COVER STORY: Terrorism and our population policy
by Peter Westmore
News Weekly, November 16, 2002
Following the Bali bombing, the Federal Government has apparently discovered that there might be al Qaeda cells operating within Australia, opening up the real possibility that acts of terrorism could occur on Australian soil. Clearly the source of such organisation is Islamic fundamentalism based in Indonesia.
If Indonesia is to successfully track down those responsible for the Bali bombing, it will require the co-operation of Australia. If Australia is to track down terrorists or sympathisers of the Indonesia-based terrorist movement, Jemaah Islamiyah, or its spiritual leader, Abu Bakar Bashir, it will require the co-operation of Indonesia.
On both matters, Australia needs the full co-operation of Jakarta, and nothing should be done to prevent that from happening.
Shift in focus
One side effect of the upsurge of terrorism is that it puts great pressure on Australia in an unexpected area: that of immigration.
With the increased prosperity of Western Europe over the past twenty years, there has been a major shift in the sources of migrants into Australia, towards Asia and the Middle East, including Turkey, Iraq and Iran, of people of the Islamic faith.
In light of the uncertain international environment, it is surely time for the Government to review both the sources of Australia's migration program, and whether sufficient is being done to encourage Australians to have children.
As to the former, there is a strong case for shifting immigration resources from the Middle East towards countries of eastern Europe and Latin America, where there exists a stronger cultural affinity with Australia than exists for most countries in the Middle East.
In relation to natural population increase, the Federal Government is already under pressure on family policy as a result of the ACTU and Sex Discrimination Commissioner's efforts to entrench 14 weeks paid maternity leave - a policy which the Prime Minister clearly recognises will disadvantage homemakers, and increase the number of women returning to the paid workforce after having children.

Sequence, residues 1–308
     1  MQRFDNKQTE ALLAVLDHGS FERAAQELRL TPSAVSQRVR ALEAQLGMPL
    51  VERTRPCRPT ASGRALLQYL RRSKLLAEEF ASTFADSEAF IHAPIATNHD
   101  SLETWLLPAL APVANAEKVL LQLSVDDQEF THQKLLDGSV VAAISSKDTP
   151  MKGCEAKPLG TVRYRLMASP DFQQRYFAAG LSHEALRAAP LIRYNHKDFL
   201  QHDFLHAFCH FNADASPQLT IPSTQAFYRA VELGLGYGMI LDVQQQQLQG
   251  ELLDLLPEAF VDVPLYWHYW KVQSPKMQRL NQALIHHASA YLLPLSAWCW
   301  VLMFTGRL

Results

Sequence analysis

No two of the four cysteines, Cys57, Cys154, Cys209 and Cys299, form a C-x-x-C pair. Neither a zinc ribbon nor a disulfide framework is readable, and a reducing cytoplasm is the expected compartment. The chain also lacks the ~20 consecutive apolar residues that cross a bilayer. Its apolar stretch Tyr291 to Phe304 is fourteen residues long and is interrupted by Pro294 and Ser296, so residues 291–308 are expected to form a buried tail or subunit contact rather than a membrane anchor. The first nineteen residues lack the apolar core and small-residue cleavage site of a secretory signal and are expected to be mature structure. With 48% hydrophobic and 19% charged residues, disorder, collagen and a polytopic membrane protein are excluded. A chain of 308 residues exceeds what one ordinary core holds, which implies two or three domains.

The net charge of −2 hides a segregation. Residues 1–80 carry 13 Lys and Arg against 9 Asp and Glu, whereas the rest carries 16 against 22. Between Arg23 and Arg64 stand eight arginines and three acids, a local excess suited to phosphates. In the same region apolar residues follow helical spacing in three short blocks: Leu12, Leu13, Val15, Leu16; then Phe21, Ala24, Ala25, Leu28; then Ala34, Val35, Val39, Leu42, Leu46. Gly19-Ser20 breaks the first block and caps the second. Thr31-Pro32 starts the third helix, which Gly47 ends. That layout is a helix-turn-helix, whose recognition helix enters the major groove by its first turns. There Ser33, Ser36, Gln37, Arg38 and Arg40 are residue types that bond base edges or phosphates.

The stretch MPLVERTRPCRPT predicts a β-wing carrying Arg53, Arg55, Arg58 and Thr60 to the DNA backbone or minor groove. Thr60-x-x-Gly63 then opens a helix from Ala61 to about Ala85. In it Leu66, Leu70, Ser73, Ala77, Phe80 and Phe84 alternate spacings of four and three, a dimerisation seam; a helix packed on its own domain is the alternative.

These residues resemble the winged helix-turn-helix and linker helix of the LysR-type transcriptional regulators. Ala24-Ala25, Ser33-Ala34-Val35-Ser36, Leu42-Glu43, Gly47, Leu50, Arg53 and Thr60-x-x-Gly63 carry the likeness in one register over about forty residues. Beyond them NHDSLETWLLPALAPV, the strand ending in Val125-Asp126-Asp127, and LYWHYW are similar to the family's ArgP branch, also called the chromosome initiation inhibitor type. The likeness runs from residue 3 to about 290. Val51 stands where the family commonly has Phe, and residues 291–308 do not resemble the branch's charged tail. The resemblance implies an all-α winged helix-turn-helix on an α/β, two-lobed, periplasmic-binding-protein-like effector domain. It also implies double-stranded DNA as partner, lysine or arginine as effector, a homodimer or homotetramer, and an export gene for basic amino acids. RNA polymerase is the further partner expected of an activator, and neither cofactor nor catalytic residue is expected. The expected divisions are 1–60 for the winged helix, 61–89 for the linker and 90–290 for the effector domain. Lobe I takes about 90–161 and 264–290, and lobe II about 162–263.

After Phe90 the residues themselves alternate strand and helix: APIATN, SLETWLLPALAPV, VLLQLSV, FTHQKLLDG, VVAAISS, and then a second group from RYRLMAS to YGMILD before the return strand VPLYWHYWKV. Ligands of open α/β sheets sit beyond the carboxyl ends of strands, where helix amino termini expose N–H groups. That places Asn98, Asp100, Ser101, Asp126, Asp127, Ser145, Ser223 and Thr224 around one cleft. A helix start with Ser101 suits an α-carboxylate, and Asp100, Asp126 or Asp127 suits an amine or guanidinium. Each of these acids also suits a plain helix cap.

If we want mothers to remain at home with young children, something more than the trifling incentives currently available must be made available to young families.
This was brought home forcefully in a recent report commissioned by AMP, and conducted by the National Centre for Social and Economic Modelling. It found that the cost of two children in a family averages around $310 a week, over $16,000 a year, and for the period up to adulthood, around $450,000.
Little wonder, then, that people are not having children, the birth rate has fallen below replacement levels, and we are dependent on immigration.
Despite Australia's growing population, over the past ten years the number of marriages has fallen from 113,900 to 103,100, while the number of divorces rose from 41,400 to 55,300, the highest level since the introduction of the Family Law Act in 1976.
The decline in marriage and rising divorce rates coincide with the increase in cohabitation outside marriage, rapidly increasing age of marriage, and figures showing that 29 per cent of men and 23 per cent of women will never marry.
The falling level of commitment to marriage has also been accompanied by a decline in the birthrate, with long-term adverse implications on Australia's population, its economy, and ultimately, its capacity to sustain its own future.
If Australia is to survive as a free and independent nation, it will have to adopt pro-family policies which enable families to raise children.
One of Australia's leading sociologists, Moira Eastman, recently wrote, "Paid maternity leave followed by a rapid return to full-time work does not meet the needs of most Australian mothers and what most Australians feel is right for children (and mothers)." (The Age, July 12, 2002)
Interestingly, a 1997 survey by the Australian Institute of Family Studies - hardly a supporter of stay-at-home mothers - found that 83 per cent of women and 84 per cent of men believed that mothers should not work full-time, even when their youngest child is at school.
The argument most commonly raised against a maternity benefit paid to all mothers is that it is financially unsustainable.
Yet almost every other country - we are told - has been able to pay maternity leave, in most cases for about four months, but in the case of Sweden, for a period of fifteen months! It is clearly a matter of priorities.
One way of funding a universal maternity benefit would be to consolidate existing family payments into it, and adding the substantial government-funded child care subsidy which should be paid to parents, rather than child care centres.
Additional funding could be obtained by setting aside the existing taxation on superannuation funds for maternity benefits, rather than adding it to consolidated revenue.
- Peter Westmore is President of the National Civic Council